All too often, a novel doesn’t translate into a movie, and a movie doesn’t work as a show.
NBC’s “About a Boy” breaks that cycle.
The pilot that airs Saturday, Feb. 22, does a great job introducing a callow cad, an odd boy and his strident mom. The comedy then moves to its regular time slot on Tuesday, Feb. 25.
Minnie Driver plays Fiona, the self-righteous, single mom of Marcus (Benjamin Stockham). They move from England to San Francisco, next door to Will (David Walton). They begin acrimoniously when she asks him to not barbecue meat because she’s vegan, and the wind carries the odor.
Driver does insufferable perfectly.
“Her heart is absolutely in the right place,” Driver tells Zap2it. “She is a really sweet soul but is terribly funny because of her earnestness.”
If this seems familiar, it’s the latest take on Nick Hornby‘s 1998 novel and Hugh Grant‘s 2002 film.
The relationship between Will and Marcus, initially, is equally mercenary. Will picks up a cellist on the trolley, then lies about having a son who had leukemia. To bed the cellist, Will needs Marcus to fake being his son. Marcus, as he says, now owns Will. But they need each other.
Considering Fiona’s idea of a treat is beet-flavored ice pops with essence of kale, it’s no wonder that Marcus relishes ribs at Will’s. Will helps Marcus stand up to school bullies. And in the famous scene, which is in the pilot, Will rescues Marcus from committing social suicide at a school talent show.
“What we wanted to do was take this — what was so beautiful in the book and in the movie and something that I felt really — a story that I really loved, and honor that and then give us the room to be moving forward with telling new stories and sort of making it our own,” executive producer Jason Katims says at a press conference.
Katims (“Friday Night Lights,” “Parenthood”) knows something about showcasing family dynamics.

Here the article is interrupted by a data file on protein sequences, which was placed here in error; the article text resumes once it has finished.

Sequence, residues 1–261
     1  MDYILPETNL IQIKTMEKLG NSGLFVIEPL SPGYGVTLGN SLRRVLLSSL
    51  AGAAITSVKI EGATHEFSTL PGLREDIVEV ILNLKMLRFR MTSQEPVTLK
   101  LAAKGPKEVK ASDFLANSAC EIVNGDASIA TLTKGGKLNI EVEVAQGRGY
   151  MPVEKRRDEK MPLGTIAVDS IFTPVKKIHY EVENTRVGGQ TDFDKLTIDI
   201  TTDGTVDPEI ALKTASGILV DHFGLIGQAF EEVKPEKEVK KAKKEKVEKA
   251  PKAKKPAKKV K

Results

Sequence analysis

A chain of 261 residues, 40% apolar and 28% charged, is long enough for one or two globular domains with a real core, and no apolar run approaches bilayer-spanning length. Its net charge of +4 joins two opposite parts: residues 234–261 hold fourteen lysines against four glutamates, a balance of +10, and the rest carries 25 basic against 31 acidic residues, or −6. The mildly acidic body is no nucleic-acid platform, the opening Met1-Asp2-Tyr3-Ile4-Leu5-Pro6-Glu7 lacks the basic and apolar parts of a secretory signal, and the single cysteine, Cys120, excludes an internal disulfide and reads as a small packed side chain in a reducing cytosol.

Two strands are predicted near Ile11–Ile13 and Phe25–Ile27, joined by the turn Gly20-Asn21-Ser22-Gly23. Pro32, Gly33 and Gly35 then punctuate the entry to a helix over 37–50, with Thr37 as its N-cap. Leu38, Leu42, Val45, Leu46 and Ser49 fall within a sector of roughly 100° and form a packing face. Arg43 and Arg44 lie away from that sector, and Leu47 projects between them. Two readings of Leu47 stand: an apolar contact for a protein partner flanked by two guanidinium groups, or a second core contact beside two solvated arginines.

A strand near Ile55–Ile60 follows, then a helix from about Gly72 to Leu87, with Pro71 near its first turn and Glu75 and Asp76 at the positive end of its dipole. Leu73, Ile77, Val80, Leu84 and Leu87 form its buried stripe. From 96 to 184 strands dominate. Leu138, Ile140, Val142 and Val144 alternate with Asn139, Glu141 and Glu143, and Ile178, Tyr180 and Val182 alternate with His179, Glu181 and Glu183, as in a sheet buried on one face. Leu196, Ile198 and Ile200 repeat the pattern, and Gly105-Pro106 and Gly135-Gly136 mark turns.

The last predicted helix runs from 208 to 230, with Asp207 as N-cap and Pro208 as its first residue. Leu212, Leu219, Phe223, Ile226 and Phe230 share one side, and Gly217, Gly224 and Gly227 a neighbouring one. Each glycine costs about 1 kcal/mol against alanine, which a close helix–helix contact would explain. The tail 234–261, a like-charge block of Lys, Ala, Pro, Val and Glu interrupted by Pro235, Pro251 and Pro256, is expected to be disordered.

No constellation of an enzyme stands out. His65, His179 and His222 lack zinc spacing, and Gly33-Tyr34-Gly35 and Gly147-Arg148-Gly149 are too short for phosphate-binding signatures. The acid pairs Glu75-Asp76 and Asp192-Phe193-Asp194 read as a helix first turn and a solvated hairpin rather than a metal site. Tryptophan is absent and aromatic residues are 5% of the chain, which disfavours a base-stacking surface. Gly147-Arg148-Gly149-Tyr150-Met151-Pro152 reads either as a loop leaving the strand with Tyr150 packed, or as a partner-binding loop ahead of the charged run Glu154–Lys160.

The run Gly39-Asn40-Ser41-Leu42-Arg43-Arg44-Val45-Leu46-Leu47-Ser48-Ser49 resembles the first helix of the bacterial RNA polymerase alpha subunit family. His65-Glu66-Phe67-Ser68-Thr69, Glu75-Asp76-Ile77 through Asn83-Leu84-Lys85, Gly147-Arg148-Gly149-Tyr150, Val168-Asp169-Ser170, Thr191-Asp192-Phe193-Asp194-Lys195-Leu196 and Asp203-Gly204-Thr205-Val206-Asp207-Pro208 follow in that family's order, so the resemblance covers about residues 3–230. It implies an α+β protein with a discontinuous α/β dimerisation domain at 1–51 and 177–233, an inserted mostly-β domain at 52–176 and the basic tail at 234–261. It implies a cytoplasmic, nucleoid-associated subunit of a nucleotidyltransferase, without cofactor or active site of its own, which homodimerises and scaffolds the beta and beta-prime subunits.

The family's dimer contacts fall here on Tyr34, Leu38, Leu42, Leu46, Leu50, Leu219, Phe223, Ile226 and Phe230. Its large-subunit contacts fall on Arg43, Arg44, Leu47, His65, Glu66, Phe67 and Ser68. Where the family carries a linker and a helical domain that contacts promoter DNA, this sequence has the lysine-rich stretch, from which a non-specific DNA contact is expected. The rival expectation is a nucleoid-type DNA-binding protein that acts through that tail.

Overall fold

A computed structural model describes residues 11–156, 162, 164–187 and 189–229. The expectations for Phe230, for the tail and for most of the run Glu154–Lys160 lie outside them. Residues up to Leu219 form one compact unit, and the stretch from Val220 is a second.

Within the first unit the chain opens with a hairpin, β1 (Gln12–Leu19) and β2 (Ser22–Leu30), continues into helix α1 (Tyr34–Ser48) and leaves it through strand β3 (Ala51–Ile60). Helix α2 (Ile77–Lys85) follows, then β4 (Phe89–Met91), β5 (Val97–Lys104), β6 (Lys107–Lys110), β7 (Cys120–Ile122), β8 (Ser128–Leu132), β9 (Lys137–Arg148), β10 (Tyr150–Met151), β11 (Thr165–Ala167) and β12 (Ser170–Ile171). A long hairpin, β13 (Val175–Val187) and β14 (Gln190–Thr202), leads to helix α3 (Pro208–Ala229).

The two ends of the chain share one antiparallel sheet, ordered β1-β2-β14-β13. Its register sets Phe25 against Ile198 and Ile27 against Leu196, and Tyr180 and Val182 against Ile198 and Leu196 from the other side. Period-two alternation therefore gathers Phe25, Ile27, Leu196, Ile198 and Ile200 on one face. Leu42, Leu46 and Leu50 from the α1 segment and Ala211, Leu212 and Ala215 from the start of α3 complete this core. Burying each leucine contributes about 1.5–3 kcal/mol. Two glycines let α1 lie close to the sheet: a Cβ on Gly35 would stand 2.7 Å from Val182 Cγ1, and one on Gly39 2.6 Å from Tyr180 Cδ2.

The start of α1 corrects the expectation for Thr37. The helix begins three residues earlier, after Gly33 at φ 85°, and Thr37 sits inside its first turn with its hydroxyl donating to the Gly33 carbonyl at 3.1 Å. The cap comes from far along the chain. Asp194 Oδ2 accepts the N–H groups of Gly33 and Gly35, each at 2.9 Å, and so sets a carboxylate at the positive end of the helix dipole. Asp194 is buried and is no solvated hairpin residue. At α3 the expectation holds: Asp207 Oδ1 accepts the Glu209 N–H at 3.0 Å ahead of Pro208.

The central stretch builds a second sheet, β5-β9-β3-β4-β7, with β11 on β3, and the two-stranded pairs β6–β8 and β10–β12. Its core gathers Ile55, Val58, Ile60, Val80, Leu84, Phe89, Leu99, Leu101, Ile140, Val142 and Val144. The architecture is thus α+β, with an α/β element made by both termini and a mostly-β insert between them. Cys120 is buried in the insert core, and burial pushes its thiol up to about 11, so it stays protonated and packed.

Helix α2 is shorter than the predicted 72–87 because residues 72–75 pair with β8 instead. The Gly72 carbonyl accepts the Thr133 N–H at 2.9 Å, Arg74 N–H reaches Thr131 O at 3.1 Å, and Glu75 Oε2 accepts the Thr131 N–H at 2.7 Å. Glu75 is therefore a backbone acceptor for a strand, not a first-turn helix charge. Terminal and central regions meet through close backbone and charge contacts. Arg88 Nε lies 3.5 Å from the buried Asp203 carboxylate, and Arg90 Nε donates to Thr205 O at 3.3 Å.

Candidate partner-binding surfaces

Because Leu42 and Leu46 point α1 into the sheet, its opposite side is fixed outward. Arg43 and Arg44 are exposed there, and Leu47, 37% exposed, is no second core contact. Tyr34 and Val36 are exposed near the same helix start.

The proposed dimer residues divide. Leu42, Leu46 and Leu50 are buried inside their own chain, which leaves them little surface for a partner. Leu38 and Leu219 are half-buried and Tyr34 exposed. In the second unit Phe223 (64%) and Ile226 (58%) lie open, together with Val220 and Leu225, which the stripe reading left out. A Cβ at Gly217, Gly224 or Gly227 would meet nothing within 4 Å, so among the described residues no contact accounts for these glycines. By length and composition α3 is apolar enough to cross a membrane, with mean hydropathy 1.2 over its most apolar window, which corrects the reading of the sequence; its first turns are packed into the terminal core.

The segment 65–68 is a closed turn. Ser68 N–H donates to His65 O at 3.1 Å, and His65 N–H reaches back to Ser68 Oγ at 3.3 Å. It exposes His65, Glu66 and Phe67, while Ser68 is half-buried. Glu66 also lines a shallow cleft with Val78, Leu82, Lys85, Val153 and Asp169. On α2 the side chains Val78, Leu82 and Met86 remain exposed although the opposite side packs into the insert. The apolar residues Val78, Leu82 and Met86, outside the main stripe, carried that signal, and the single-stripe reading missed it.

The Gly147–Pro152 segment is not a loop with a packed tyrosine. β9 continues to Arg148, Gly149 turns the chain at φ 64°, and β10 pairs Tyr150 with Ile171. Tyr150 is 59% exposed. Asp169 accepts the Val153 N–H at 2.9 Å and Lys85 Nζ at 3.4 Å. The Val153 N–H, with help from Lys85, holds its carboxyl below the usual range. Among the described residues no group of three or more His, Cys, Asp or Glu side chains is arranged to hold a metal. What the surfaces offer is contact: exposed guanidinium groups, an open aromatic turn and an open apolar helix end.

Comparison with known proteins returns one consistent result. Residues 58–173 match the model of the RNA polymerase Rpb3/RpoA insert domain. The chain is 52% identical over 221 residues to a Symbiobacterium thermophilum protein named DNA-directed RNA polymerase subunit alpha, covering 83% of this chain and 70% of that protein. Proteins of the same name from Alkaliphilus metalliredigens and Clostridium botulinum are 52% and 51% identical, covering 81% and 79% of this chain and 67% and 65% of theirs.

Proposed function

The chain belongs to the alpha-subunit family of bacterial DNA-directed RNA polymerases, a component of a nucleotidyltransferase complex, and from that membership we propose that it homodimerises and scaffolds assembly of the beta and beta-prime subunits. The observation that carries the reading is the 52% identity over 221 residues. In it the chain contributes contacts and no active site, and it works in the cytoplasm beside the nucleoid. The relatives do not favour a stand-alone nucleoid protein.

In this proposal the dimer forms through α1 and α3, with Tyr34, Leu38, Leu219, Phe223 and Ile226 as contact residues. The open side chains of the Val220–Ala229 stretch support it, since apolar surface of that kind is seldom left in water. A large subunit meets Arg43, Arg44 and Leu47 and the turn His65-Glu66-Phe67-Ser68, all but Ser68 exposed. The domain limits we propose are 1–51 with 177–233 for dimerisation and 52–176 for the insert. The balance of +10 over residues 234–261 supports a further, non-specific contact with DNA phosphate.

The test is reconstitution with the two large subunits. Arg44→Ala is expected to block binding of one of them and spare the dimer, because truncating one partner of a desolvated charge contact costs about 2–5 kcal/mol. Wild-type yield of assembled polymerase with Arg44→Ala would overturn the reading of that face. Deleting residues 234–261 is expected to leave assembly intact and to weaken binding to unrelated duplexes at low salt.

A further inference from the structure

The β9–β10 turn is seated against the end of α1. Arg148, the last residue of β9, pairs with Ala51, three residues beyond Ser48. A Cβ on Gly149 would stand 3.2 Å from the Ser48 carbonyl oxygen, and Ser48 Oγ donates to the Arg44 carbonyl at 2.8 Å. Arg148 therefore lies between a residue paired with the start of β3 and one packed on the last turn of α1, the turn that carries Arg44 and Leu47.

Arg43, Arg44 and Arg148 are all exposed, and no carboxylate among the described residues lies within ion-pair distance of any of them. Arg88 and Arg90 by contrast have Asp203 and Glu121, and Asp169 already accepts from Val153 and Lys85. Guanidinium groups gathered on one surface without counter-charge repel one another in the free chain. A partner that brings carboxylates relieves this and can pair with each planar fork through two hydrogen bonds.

There’s a lot to mine here, given what’s missing in Will’s life, how much Fiona and Marcus love each other and how brittle she is.
“Anyone who has an element of fanaticism in their lives, be it about food, working out, religion or politics, has a bit of self-righteousness in their life,” Driver says.
Will and Fiona don’t like each other and won’t become a couple.
“They are not romantically linked and continue to battle,” Walton says.
“He’s the kind of guy who thinks he has the world figured out,” Walton says. “He has all the money he needs from writing a jingle that was kind of crappy, but he can do what he loves. He can chase women, play video games, eat delicious food. Then this little boy comes into his life and starts to carbonate his needs for system and substance.”
Marcus wants to please his mom, and the pilot does a lovely job of showing each character’s foibles – the womanizing musician, the weird kid, the humorless mom — but leaves room for them to grow.
“He’s got a heart,” Walton says of Will. “He’s more complex than he puts on and has a lot of feeling. He puts on this front that he has everything figured out. He puts on this rakish front, but there’s a little boy beneath it. There are two boys, and we watch this very odd couple grow up together.
“Minnie’s character and him will come to this odd shared love of this kid,” Walton continues.” And I think that is what is so cool is that they don’t know it, but it really is this family coming together.”